Another common weakness among Transhumanism antagonists, particularly those that are religious, is that they overlook how their arguments apply to their own ideologies. In a recent article entitled "Listening to the Transhumanists", Albert Mohler, President of the Southern Baptist Theological Seminary, casts Transhumanists as the most recent manifestation of an ancient and ongoing trend among humans to go astray after temptation to escape our finitude. He also remarks that it is strange for ideas once mostly associated with science fiction to be seriously considered among some scientists. There are at least two ironies here.
First, last I checked, the Baptists still believed that all humans will continue to exist in some state or another forever, and that seems rather infinite to me. Are the Baptists, with whom Mohler identifies, also manifesting the human trend to go astray after temptation to escape our finitude? I suspect he would not think so. Perhaps he would argue that the evil is not in just any attempt to escape finitude, but rather in particular attempts such as that of expand our power? That leads to the second irony: until recently, except in science fiction, Mohler would not have had the power to communicate his thoughts regarding Transhumanism to such a broad and diverse audience as that constituted by persons using the Internet. Is Mohler also manifesting the human trend to go astray after temptation to escape our finitude? Again, I suspect he would not think so -- ironically.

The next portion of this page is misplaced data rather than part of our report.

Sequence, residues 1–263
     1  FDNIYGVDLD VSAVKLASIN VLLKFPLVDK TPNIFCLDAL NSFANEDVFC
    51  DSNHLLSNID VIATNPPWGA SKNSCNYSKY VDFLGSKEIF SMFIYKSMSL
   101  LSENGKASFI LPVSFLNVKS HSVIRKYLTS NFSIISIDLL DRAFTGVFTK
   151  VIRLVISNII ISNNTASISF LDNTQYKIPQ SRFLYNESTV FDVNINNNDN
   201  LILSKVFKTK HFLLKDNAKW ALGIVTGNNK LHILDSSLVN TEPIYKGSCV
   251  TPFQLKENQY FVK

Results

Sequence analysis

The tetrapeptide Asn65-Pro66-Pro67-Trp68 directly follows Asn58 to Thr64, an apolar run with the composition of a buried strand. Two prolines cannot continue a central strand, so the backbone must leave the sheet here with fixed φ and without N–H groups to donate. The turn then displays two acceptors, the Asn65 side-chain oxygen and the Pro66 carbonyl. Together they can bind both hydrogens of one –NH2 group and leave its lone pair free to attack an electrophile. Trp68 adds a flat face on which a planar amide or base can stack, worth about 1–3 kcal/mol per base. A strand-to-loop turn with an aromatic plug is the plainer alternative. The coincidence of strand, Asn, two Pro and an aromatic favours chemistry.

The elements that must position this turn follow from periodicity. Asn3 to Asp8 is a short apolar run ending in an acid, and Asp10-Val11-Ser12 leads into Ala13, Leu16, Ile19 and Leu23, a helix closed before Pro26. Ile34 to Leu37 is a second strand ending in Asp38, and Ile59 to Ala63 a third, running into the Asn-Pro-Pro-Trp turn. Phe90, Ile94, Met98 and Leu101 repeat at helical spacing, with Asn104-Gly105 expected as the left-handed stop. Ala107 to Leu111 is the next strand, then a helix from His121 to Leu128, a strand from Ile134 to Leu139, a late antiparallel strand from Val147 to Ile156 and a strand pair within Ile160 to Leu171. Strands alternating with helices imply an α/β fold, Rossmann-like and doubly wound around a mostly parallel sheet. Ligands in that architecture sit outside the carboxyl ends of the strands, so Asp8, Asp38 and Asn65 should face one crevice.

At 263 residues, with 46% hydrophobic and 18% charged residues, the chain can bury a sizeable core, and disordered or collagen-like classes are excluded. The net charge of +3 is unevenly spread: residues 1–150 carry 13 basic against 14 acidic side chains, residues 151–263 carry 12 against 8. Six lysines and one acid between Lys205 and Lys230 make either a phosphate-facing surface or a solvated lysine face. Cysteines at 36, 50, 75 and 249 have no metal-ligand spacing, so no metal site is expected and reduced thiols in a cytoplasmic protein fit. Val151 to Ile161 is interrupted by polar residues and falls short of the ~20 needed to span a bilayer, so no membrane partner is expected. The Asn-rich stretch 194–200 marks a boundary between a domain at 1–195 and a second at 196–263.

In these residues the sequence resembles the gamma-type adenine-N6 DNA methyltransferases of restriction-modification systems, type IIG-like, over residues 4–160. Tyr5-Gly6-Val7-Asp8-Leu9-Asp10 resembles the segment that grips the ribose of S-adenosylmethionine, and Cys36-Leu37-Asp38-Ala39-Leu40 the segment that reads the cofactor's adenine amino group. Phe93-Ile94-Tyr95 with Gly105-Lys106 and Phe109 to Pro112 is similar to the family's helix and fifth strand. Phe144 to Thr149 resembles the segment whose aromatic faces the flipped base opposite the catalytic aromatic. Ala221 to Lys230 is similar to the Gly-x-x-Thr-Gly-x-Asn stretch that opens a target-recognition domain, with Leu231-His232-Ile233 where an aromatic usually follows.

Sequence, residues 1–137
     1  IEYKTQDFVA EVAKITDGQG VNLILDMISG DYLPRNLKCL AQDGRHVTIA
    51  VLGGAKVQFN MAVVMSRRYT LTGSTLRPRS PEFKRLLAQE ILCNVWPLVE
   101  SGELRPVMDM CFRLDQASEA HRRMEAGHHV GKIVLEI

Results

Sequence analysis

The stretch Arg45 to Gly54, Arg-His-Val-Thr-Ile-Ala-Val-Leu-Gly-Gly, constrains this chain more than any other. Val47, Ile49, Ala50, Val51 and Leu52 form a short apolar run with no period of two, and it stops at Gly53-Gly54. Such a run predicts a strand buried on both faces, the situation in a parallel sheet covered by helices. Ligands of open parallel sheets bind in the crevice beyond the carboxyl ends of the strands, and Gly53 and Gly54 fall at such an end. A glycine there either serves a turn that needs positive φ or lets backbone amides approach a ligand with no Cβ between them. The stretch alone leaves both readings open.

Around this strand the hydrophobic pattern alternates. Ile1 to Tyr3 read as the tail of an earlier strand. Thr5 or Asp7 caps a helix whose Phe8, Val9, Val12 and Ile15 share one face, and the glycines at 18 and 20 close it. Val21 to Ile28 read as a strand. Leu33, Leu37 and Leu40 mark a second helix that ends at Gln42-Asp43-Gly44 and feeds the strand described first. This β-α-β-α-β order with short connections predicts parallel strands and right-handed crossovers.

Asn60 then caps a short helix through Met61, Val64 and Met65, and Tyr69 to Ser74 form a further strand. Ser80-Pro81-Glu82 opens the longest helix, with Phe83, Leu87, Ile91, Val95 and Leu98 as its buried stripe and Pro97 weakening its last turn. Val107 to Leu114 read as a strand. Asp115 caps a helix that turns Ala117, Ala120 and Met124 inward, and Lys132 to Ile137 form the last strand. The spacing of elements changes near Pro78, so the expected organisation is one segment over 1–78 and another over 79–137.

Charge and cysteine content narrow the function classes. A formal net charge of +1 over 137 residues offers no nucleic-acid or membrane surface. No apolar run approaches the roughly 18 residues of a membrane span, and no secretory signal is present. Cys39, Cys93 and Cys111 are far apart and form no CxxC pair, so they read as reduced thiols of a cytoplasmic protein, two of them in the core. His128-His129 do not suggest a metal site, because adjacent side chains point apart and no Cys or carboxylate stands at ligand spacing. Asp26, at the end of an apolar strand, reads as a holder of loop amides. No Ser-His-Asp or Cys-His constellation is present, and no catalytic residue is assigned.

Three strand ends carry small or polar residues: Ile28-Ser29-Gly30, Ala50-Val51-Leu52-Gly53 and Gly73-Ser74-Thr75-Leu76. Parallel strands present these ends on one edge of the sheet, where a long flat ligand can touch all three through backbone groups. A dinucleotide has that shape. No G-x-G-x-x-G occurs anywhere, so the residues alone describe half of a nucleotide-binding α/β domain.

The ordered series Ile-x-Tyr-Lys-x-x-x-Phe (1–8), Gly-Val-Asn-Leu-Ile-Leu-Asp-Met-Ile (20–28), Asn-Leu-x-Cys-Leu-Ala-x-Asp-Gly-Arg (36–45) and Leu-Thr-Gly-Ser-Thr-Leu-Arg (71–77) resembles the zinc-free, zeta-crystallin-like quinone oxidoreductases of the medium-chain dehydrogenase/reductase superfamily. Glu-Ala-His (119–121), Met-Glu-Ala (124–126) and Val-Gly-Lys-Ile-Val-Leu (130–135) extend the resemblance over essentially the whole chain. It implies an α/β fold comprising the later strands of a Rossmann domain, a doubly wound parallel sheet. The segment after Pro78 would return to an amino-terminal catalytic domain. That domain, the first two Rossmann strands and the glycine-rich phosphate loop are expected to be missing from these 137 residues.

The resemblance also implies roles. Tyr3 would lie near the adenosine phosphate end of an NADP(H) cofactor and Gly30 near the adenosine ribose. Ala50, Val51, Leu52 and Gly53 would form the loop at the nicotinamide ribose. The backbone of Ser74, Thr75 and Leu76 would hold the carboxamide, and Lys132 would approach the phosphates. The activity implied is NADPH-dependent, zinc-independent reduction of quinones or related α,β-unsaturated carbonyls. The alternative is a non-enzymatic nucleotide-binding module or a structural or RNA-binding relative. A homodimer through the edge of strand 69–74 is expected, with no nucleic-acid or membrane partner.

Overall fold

The irony continues when Mohler criticizes Transhumanist desires for body enhancement and overcoming death as "twisted" and beyond the "limits of human existence". I suspect that, as a Baptist, Mohler believes in a future day when humans will be resurrected to glorified immortality. What is the nature of glorified immortals, and who decides? Mohler likely would argue that God decides their nature. I wonder, though, which God? Mohler likely would appeal to the one true God, the same God to which billions of disagreeing theists are appealing. Well enough. I, too, will appeal to that one true God, but here is, I suspect, an important difference between the one true God to which I appeal and the one to which Mohler likely would appeal: whereas his God will unjustifiably oppress diverse desires simply because they do not conform, my God will oppress diverse desires only to they extent that those desires are themselves oppressive. To the extent desires are not oppressive, we are to ask and receive according to our desires, as expressed the God of charity, the only true God I recognize as being worthy of worship. Beyond the irony of criticizing the desire for enhanced bodies, the deeper irony is Mohler's criticism of the desire to overcome death. Apparently, unless his particular version of the one true God, that does everything its own way without expecting or allowing us to help, is responsible for our immortality then immortality is evil. Frankly, I have no desire to go to that God's heaven, where I am evil when I do as God does. Send me to hell with the Mormon Transhumanists, and we'll make a heaven of it -- unless, of course, Mohler's one true God, in its twisted righteousness, is powerful enough to force hell on us despite our will.